Closing remarks by United Nations Under-Secretary-General and Executive Director of UN Women, Phumzile Mlambo-Ngcuka, to the 63rd session of the UN Commission on the Status of Women in New York City

Date: Friday, March 22, 2019

[As delivered]

Thank you very much for your hard work, your dedication, and the priority that you have placed on improving social protection, public services and sustainable infrastructure for women and girls. I’m glad that we have been able to finish before midnight, because today is World Water Day—a perfect day to remind us of the 2.1 billion people who still lack safe water at home. Today you agreed to try even harder to solve this problem and others.

I thank the Chair for your leadership, your friendship and your support, and for creating an enabling environment that made these negotiations succeed this week. Thank you, Vice Chair, for all your support to the delegations as well as to the Bureau. And I especially want to thank the facilitator, Ambassador Koki Muli Grignon, without whom we would not have completed this complex process. I also thank you for being able to continue to function under pressure and the unprecedented attacks on you. Truly, it tells us that women are very strong. Koki, thank you so much.

I also want to thank each delegate who was here from capital, from missions, and all the people who supported you, for all the hard work, the long hours, the sleepless nights, the concentration, and the manner in which you sat here toiling for the women and girls of the world.

I thank my team, led by Christine Brautigam, who gave such valuable support. They too spent sleepless nights; I sometimes could not understand how they were still able to concentrate and focus when they had not slept the previous night. I also want to thank all the UN Women staff who contributed directly and indirectly to supporting this team in their different ways.

As you know, the work did not only start with the negotiations. The week before, all of you were busy in the commissions, discussing passionately, sharing ideas and lessons learnt. Thank you for that work too, because as we leave here, we are richer with ideas and new possibilities of what could be done to improve the status of women and girls.

This year was very special because of the number of young women and young people who participated. They made their presence felt with contributions of high quality. I want to thank the delegations who made it possible for many of those young people to be here. This investment will have a high rate of return, I promise you.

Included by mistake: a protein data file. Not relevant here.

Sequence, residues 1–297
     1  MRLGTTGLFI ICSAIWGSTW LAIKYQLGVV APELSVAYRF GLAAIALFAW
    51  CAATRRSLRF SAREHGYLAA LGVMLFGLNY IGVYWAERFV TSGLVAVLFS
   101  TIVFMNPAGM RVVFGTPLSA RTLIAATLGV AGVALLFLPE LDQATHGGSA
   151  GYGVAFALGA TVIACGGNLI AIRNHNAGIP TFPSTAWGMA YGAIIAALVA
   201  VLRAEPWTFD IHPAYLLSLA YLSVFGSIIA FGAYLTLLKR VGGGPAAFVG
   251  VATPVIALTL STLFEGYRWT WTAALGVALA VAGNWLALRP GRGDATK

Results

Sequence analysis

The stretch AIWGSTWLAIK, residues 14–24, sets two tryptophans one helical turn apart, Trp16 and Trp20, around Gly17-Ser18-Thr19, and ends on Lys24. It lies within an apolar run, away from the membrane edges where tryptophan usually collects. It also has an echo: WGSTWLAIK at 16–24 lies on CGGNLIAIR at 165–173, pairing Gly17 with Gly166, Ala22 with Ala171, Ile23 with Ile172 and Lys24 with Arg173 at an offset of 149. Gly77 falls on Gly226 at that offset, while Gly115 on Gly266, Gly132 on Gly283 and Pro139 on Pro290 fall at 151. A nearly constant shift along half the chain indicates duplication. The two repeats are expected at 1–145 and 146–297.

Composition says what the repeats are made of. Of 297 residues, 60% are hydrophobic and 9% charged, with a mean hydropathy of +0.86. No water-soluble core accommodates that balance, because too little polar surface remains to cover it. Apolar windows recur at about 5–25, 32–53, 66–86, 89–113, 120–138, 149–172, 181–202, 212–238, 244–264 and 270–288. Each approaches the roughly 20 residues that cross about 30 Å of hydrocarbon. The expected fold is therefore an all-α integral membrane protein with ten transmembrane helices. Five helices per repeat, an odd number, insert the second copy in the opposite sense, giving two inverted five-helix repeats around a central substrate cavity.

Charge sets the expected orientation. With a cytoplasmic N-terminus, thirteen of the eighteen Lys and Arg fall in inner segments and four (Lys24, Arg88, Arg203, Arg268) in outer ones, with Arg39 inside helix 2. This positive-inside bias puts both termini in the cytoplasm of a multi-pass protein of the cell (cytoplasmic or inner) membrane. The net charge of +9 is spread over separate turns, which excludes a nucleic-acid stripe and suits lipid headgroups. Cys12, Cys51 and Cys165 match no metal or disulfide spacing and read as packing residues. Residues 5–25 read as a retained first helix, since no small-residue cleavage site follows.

With the Agreed Conclusions you have given us the possibility to take the work forward, to make sure that we address the discrimination that may be suffered by women and girls in every part of the world, whether because they are disabled, because of their sexuality, because they are human rights activists, or because of poverty.

The Agreed Conclusions, even though not everybody got everything they wanted, give us enough to take home, to work and to take further the work of improving the quality of life of women and girls.

You were able to tell us what to do about policies and laws, and about data and ensuring that we are evidence-based in our work. You were also able to tell us what we can do in order to make sure that the productivity and economic viability of women’s work in the formal and the informal sectors are also taken forward.

We are living in a world where we have the largest number of young people ever. This Commission is definitely one that can address the needs of young people, today and in the future. We must never miss that opportunity.

I appreciate, with respect, the way delegations had repeatedly to go back to agreed language to ensure that we facilitate consensus and to proceed. However, we also need to look forward and to leapfrog ahead, ensuring that we constantly add new, bold language that can take us significant steps forward. That balance will always be important.

I thank you for the support that you have shown to Ambassador Koki after these unacceptable incidents of cyberbullying. This has no place in the UN. It is important that we keep a high level of civility amongst ourselves. It is also important that the collegial engagement that we have established is upheld, because this is what makes this truly a special place to be in and to engage. If we lose that, we take away one of the most important instruments that makes multilateralism what it is. So, thank you for the support, and the fact that you have been unanimous in your condemnation.

This work that you have agreed to will cost money. Please ask your ministers of finance to invest generously in support and in the work of women and girls. As we prepare for next year’s Commission, and as we prepare to note not only what we have done in the last 25 years since the adoption of the Beijing Platform for Action, but where we want to be in the next 25 years, I know that you will be the greatest ambassadors for this agenda.

We look forward to sitting with you next year. Thank you, thank you for everything that you do.